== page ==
World News

Pistorius Testifies at Murder Trial, Offers Apology

South African runner Oscar Pistorius has taken the stand at his trial, as his lawyers try to convince the court he is not guilty of murdering his girlfriend.

Before beginning his testimony Monday, Pistorius, talking through tears, offered an apology to the family of Reeva Steenkamp.



"I'd like to apologize and say that there's not a moment and there hasn't been a moment since, since this tragedy happened, that I haven't thought about your family. I wake up every morning and you're the first people I think of, the first people I pray for. I can't imagine the pain and the sorrow and the emptiness that I've caused you and your family. I was simply trying to protect Reeva. I can promise that when she went to bed that night she felt loved. I've tried to put my words on paper many, many times to write to you, but no words would ever suffice."



Under questioning from lead defense attorney Barry Roux, Pistorius then talked about the difficulties caused by his carbon-fiber prosthetic legs, including medical problems such as blood clotting.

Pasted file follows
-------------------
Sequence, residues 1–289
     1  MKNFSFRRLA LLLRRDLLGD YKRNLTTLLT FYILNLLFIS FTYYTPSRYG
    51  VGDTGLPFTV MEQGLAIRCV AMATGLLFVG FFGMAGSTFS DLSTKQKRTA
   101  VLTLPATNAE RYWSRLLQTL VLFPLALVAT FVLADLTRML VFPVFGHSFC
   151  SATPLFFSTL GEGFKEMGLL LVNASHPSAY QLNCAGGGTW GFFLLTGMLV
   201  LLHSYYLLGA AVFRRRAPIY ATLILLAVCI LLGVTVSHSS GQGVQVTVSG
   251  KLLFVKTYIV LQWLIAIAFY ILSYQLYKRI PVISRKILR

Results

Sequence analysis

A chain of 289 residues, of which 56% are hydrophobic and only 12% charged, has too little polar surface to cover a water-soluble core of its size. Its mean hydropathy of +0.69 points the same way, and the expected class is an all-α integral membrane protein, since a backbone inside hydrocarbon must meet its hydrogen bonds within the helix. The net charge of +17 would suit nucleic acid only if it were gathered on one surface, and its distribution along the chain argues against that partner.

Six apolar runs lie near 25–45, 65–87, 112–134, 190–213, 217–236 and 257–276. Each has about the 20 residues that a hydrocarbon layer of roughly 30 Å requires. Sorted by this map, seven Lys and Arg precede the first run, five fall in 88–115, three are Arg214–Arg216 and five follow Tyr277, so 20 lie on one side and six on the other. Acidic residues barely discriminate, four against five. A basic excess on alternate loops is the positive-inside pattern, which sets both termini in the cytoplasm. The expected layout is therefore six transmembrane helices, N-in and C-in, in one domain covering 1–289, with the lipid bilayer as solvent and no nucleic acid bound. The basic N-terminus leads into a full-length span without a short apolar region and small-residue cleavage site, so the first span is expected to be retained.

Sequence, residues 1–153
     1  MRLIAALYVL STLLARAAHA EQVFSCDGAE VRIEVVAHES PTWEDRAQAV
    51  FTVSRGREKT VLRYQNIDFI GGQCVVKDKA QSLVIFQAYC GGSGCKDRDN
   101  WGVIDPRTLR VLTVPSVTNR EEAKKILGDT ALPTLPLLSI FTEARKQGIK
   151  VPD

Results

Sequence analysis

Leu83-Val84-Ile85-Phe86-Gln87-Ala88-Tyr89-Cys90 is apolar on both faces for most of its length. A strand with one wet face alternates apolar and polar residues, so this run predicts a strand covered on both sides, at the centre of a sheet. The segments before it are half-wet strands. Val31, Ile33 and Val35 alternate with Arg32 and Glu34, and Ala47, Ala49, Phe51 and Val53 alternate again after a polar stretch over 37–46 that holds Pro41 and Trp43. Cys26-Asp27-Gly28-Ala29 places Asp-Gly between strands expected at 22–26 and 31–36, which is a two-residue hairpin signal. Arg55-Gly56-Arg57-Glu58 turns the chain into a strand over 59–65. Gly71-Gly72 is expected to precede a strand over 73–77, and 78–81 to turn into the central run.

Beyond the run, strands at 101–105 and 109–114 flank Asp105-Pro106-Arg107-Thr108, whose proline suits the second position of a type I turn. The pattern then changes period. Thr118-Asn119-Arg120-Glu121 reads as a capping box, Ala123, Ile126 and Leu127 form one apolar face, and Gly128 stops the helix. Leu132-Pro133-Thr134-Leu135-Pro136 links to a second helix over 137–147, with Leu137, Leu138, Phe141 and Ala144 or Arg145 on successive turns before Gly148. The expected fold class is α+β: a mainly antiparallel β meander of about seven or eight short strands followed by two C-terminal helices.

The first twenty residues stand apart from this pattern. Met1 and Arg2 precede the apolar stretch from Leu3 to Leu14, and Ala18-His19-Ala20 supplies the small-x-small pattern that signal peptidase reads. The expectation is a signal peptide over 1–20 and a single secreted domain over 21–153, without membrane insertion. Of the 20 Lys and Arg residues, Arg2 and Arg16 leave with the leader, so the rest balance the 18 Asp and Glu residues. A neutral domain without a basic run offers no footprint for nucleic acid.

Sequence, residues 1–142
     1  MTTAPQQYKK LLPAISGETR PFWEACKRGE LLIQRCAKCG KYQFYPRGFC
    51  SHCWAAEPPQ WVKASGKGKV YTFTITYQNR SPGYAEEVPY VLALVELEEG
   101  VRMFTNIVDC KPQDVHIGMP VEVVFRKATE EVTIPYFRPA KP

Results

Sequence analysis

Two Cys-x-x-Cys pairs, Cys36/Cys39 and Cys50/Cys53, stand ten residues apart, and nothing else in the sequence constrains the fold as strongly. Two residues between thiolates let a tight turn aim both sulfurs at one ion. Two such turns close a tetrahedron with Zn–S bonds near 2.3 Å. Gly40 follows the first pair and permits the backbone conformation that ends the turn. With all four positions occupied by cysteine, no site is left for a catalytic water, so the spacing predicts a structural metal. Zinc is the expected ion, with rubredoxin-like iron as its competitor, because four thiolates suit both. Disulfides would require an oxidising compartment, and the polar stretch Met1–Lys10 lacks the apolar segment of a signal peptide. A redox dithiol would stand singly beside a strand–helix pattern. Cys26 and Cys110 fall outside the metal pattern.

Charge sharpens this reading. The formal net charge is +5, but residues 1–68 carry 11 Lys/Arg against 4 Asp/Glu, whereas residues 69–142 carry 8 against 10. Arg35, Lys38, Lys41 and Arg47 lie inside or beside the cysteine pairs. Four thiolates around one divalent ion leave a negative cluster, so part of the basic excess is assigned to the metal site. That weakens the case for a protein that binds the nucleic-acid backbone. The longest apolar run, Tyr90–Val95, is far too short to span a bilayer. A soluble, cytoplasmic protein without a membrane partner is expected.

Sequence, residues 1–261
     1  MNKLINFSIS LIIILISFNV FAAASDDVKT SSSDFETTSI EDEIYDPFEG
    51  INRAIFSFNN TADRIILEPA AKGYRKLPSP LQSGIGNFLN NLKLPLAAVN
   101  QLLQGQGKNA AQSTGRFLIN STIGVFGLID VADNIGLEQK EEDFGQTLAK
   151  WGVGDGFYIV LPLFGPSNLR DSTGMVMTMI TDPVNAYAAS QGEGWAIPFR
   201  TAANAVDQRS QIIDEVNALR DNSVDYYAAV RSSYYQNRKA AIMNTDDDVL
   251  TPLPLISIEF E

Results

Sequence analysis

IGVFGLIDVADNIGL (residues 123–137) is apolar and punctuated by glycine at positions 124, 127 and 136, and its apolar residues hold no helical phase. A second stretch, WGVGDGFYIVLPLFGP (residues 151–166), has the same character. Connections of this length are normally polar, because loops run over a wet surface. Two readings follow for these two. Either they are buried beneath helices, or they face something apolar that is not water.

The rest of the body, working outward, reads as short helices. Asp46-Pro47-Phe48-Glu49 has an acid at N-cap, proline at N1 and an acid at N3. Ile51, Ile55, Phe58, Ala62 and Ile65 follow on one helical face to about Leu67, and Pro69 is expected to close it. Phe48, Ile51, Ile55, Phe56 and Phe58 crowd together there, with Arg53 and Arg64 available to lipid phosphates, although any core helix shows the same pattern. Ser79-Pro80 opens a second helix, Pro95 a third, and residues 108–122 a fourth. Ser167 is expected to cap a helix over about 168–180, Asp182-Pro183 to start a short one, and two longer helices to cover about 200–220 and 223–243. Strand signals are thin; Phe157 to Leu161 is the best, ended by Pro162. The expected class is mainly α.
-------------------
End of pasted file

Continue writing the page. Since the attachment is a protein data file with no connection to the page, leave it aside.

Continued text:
Prosecutors, who wrapped up their case last month, say Pistorius shot Steenkamp intenationally at his Pretoria home last year.

The defense says Pistorius thought he was shooting at a nighttime intruder when he fired his gun through a bathroom door. The shots hit and killed the 29-year-old Steenkamp.



Pistorius has pleaded not guilty to charges of premeditated murder and three firearm-related offenses. If convicted, he faces 25 years to life in prison.

Pistorius is known as the "blade runner" for his prosthetic legs. He became the first double-amputee to compete in the Olympics when he ran at the 2012 games in London.

Featured Story

Blessing John, who escaped from Boko Haram, hands out used clothes to internally displaced people at the Sabon Kuchigora refugee settlement on the outskirts of Abuja, Dec. 17. (Chris Stein/VOA)

Boko Haram Survivor from Gwoza Speaks of Brutal Captivity

Blessing John, who managed to escape Boko Haram and take refuge in the capital Abuja tells VOA what captivity is like under the brutal militant group More